A Kick-Ass Dad Conference and Why You Should Go

Courtesy partnershipfordads.orgYou want to be a better coach? Go to a coaching clinic. You want to be a better teacher? Sign up for some P D. You’re a radiologist and want to learn a new diagnostic technique? You find a medical conference.

Since this is Dads Roundtable, and we all want to be better dads, you should attend a dad conference.

On Saturday, February 8th, I attended the Michigan Partnership for Dads 14th annual conference in Waterford, MI. In the past, the late author Jeffrey Zaslow (author of Randy Pausch’s book The Last Lecture) spoke at this conference. This year, in honor of the theme “Leaving Your Legacy as a Father,” Zaslow’s daughter Alexandra delivered a sensitive and candid keynote about the legacy her father created for her and her sisters. Following Alex’s address, we were all deeply moved by a tribute to Partnership’s founding father, the late Tom Fitzpatrick, delivered by Fitzpatrick’s adult daughter.

For the rest of the day, we focused on building our dad-skills. Attendees chose four workshops from amongst the fifteen on offer. Topics ranged from Co-parenting Without Conflict, Cultivating Honesty and Integrity, to The 411 on Talking to Your Kids About Sex. I left the Partnership for Dads.org conference energized, enlightened, and with a greater sense of shared purpose. A solid use of forty bucks, I also swapped business cards with a bunch of great people.

Herewith, the top three reasons why you should attend your local dads conference.

3) Get some skills.

Attend the workshops that will put more tools in your dad toolbox. I chose to focus on daughter issues. With no girls to raise, I need information on how to help my sons learn to parent their daughters. At the Partnership for Dad’s conference, I picked up several key ideas about coping with daughters.

Workshops will give you the opportunity to swap stories. You will hear what other dads have faced and how they handled situations that you have also faced. Our most important job in life, parenting; the only one where there are no classes, no manual, no curriculum, yet there are tests every day.

  • Get to a Dad conference. Learn some useful stuff.

2) Connect with other Dads.

Whether you are a stay-at-home-Dad or a guy trying to balance your family-work commitments, sometimes you feel like you are the only Dad out there who wants to be a regular guy, a good husband and provider, plus the best father possible. I promise you, attend a dad conference and you will be in the midst of a several hundred men, all of whom are doing a juggling act which rivals this plate spinning guy on the Ed Sullivan Show. Watch the clip? Feels familiar, doesn’t it?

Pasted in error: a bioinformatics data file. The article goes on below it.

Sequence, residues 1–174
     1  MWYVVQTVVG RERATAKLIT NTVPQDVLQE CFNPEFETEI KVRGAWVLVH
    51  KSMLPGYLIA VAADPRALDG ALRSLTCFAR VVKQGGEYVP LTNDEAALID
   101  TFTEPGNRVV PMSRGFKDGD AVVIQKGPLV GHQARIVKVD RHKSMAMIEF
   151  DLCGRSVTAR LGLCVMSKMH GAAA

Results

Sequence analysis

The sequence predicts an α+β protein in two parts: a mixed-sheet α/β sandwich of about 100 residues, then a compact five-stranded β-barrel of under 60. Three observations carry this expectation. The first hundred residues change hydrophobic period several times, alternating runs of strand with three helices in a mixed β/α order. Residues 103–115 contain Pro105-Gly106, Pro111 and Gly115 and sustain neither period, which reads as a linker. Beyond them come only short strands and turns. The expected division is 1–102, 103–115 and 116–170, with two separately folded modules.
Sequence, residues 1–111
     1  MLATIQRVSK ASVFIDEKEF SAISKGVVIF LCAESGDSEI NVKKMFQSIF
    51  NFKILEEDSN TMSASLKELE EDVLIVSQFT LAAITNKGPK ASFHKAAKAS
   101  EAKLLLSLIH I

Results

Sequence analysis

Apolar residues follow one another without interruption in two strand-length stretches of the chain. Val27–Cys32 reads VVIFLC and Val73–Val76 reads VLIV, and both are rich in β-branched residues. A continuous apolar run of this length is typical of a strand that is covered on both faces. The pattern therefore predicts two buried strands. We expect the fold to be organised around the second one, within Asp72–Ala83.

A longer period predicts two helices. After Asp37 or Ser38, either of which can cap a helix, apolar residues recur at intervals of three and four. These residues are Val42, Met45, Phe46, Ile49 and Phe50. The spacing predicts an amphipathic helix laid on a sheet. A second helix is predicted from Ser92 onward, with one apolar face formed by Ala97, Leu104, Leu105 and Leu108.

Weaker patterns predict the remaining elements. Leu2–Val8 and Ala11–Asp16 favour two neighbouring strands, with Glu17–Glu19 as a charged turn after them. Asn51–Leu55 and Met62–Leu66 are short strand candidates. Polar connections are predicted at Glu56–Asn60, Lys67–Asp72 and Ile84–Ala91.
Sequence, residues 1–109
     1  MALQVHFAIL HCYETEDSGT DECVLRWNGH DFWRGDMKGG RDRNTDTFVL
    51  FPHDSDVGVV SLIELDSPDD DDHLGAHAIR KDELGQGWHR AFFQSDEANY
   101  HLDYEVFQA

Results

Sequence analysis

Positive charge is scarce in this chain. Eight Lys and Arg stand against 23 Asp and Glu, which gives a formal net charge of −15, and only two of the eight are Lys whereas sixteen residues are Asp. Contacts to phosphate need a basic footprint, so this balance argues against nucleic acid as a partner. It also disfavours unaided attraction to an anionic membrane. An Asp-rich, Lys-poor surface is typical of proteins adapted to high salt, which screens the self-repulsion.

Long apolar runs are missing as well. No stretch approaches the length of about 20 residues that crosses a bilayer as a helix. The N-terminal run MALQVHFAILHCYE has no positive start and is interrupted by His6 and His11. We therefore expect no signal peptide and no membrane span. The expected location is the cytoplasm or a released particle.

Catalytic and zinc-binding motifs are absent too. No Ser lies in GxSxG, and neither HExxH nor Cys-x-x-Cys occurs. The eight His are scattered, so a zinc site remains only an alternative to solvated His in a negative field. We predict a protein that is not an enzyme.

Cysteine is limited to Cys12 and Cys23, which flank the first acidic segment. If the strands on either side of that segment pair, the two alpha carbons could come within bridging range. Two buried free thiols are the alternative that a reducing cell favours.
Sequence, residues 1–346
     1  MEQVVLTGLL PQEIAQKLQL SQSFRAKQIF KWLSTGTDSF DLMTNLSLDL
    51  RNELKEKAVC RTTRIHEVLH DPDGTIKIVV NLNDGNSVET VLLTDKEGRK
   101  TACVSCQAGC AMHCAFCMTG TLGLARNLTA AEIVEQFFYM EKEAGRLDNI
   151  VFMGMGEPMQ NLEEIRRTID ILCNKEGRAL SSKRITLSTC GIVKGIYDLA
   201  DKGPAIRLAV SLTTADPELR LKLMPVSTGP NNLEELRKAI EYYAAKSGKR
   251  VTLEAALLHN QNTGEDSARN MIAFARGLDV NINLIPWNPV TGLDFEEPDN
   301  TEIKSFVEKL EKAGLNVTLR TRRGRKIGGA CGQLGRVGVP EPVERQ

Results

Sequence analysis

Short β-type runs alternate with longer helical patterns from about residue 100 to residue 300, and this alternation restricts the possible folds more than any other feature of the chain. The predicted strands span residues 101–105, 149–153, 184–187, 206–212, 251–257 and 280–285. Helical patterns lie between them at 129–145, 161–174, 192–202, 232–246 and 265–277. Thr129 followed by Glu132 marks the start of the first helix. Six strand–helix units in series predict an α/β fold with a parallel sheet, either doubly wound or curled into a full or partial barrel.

• Get to a Dad conference. Connect.

1)     Dads matter.

The fight to show the world that Dads matter is in its infancy. Your attendance at a Dad conference shows the world that Dads matter.

“No, I’m not babysitting. These are my children.”

“I do the grocery shopping, and yes, the men’s washroom needs a changing table.”

“I will not work late tonight. I need to get my son to the pediatrician for a check-up and my daughter has a gymnastics meet.”

Just as working women fought against a glass ceiling as they rose through the corporate ranks, men need to bust out of the breadbox that says “I am just a breadwinner.”  When 20 Dads complained that it wasn’t just ‘choosy Moms who chose Jif,” nothing happened. But when thousands of male voices said, “I buy the peanut butter in my family,” the tagline became Choosy Moms (and Dads) choose Jif.

  • Get to a Dad conference. Show the world- Dads matter.

A CALL to ACTION! Do not go alone.

This is your call to action, gentlemen. According to my source at Partnership for Dads, about 70% of Saturday’s attendees were returning guests. Clearly, the men involved found the conference highly valuable. But as my source said, the concern is that only 30% of the attendees were new.

  • Spread the word. Do not go alone.

Bring a single guy friend. Bring your Uncle.  Bring your kid’s Uncle. Bring your childless unmarried adult son. Bring a grandfather. Bring your grandfather. Bring your Dad. Bring a female friend-we don’t do this parenthood bit alone.

Find a Dad conference. Get to a Dad conference. Stage a Dad conference. Grow the movement.

That is all.



The Beginning
About David Stanley

Teacher & science guy, writer, musician, coach, skier and bike racer, I am interested… in everything; your story, food & spirits and music and everything in the natural world, spirit & sport. My son is 22 and still needs his Dad. I am 56 and so do I.
I blog on life and death, cancer and sports, kids and education at http://dstan58.blogspot.com/

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